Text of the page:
A game that’s easy to pick up and more accessible than tennis, pickleball is all the rage in New York, as the sport snags investors and grows increasingly professionalized across the United States.
On a recent weekday evening at the foot of the Brooklyn Bridge, dozens of players ranging from thirty-somethings to retirees shared the four new courts at Brooklyn Bridge Park, which recently replaced the bocce ball courts.
Teams form spontaneously as players wait their turn at the park space that offers a unique view of Manhattan’s brightly lit skyscrapers.
“You come here, put your paddle over there, and you get to play with a range of people, beginner and intermediate,” said 52-year-old Amy Zhao with a smile.
With its neon perforated plastic ball, flat paddle rackets and obligatory underhand serve, pickleball is a kind of “mini tennis,” especially due to its smaller-sized court.
It’s also much cheaper: David Masters took up pickleball when he realized it cost $100 to snag a spot to play tennis at a New York public park.
“And also, you had to wake up at like 6:00 am just to reserve a court,” said the 31-year-old software engineer.
Beyond tennis, pickleball takes on airs of both badminton and ping-pong, with lighting-fast exchanges that demand quick reflexes.
What’s more, players must strategically position on the court: competitors can’t hit the ball before it bounces if it lands in a non-volley zone that’s just in front of the net.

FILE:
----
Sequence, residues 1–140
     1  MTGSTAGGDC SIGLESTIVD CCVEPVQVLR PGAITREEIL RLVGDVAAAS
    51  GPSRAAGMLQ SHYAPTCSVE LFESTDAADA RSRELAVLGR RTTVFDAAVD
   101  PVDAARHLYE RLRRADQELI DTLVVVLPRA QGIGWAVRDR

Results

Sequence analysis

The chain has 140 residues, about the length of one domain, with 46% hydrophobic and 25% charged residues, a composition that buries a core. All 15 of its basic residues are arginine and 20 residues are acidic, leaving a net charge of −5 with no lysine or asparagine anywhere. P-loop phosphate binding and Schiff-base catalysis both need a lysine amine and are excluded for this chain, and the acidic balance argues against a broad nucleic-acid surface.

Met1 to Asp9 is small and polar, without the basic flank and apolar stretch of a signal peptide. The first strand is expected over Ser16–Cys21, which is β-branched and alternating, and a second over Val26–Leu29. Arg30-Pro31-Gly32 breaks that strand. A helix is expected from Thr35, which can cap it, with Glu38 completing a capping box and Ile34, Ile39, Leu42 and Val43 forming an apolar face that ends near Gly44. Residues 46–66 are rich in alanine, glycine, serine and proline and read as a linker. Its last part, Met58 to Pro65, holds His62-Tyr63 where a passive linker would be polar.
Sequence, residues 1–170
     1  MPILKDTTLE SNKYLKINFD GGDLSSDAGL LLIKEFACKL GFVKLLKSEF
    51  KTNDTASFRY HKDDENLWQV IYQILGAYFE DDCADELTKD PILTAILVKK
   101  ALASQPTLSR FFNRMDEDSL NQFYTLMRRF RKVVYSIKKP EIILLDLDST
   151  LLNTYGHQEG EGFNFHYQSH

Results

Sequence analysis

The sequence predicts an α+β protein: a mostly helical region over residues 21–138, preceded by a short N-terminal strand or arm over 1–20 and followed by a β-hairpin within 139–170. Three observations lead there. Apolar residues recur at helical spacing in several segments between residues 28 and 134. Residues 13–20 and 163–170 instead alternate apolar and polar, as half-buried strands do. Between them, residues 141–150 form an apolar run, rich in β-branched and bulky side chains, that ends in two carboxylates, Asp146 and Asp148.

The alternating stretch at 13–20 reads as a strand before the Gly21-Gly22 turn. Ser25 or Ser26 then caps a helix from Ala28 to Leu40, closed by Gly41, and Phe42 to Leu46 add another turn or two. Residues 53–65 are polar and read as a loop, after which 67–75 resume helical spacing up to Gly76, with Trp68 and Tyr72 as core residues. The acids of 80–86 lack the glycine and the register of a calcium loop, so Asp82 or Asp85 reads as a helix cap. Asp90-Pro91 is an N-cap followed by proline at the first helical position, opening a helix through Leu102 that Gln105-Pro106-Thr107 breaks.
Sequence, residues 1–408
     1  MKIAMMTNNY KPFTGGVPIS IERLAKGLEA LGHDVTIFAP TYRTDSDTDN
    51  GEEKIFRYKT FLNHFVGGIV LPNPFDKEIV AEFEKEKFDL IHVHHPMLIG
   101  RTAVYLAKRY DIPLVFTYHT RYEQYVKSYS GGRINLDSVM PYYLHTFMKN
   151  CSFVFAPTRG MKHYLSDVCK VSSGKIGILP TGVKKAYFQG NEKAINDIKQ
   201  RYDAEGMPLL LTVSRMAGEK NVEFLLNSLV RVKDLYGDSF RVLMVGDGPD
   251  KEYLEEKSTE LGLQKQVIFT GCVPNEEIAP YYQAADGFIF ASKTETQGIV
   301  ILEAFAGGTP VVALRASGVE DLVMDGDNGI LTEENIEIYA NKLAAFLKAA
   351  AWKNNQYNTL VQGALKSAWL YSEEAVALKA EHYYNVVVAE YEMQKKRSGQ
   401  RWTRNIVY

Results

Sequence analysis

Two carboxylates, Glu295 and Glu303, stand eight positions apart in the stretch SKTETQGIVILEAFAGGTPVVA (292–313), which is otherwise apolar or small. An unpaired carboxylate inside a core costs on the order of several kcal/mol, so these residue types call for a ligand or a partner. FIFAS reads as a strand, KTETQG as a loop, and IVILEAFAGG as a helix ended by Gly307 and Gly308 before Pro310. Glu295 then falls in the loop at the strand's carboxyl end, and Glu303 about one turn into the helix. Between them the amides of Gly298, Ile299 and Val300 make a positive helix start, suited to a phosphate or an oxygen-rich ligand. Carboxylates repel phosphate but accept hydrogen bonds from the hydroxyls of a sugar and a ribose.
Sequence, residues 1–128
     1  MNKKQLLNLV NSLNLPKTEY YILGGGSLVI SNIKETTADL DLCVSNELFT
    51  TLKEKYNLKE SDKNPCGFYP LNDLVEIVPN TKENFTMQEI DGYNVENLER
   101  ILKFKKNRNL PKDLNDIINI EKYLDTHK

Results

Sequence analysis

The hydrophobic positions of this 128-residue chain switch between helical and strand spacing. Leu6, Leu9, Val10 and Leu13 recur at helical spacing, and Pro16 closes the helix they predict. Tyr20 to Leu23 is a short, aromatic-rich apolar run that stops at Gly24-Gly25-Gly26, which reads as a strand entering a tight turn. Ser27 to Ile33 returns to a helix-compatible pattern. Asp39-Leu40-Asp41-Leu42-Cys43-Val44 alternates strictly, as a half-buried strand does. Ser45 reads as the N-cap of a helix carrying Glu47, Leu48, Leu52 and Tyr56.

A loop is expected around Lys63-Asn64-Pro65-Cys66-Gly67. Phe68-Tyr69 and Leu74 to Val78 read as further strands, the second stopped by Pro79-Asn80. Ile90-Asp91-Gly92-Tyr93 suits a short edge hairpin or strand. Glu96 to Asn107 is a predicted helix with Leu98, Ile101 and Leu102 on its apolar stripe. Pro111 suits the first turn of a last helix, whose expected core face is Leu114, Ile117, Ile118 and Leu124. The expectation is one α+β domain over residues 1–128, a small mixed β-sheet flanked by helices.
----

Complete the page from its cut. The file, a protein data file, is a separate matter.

The game was invented in 1965 by three fathers in the state of Washington.
In February, the Sports & Fitness Industry Association deemed it the fastest growing sport in the United States, with 4.8 million regular or casual players in 2021, up 39 percent from 2019.
- Professionalisation -
The growth in New York is visible, with new courts popping up throughout the city and where private coaches have even become in demand, some running upwards of $75 per hour.
“During the pandemic, people wanted to get activities. And it felt like pickleball was one that checked a lot of boxes,” said 33-year-old Karim Kerawala.
“It let them be outside and let them compete in something that didn’t require a ton of exercise, unless you wanted... higher level play,” Kerawala said.
Calling pickleball his “new obsession,” he said a meet-up app saw membership numbers go from around 200 to nearly 2,000 in one year.
A number of “professional” circuits have already arisen, including the APP tour that was founded in 2019.
At the end of May the league organized a tournament at Flushing Meadows, on the grounds of the US Open.
According to Ken Herrmann, founder of the APP Tour, interest and skill is such that qualifying tournaments are starting to become necessary for professional events.
The competing PPA Tour, found in 2018, signed exclusive contracts with the 24 best players in the sport, both men and women.
They distributed $3 million in prize money in 2022, a sum that could double in 2023, said Hannah Johns, the PPA Tour’s content director.
“It’s been absolutely crazy, how much it’s taken off. And a lot of that is because we were able to get bigger sponsors and broadcast partners involved,” Johns said, citing CBS, NBC and ABC among the networks and the car rental company Hertz as a brand.
And with the already announced takeover of the PPA Tour by the private investment firm founded by businessman Tom Dundon -- who already owns the Carolina Hurricanes ice hockey team -- Johns vows future partners in the world of alcohol and gambling to come.
Major League Pickleball announced this week it’s joining forces with NBA phenom LeBron James, who is purchasing a team as part of an ownership group that includes fellow basketball champions Draymond Green and Kevin Love.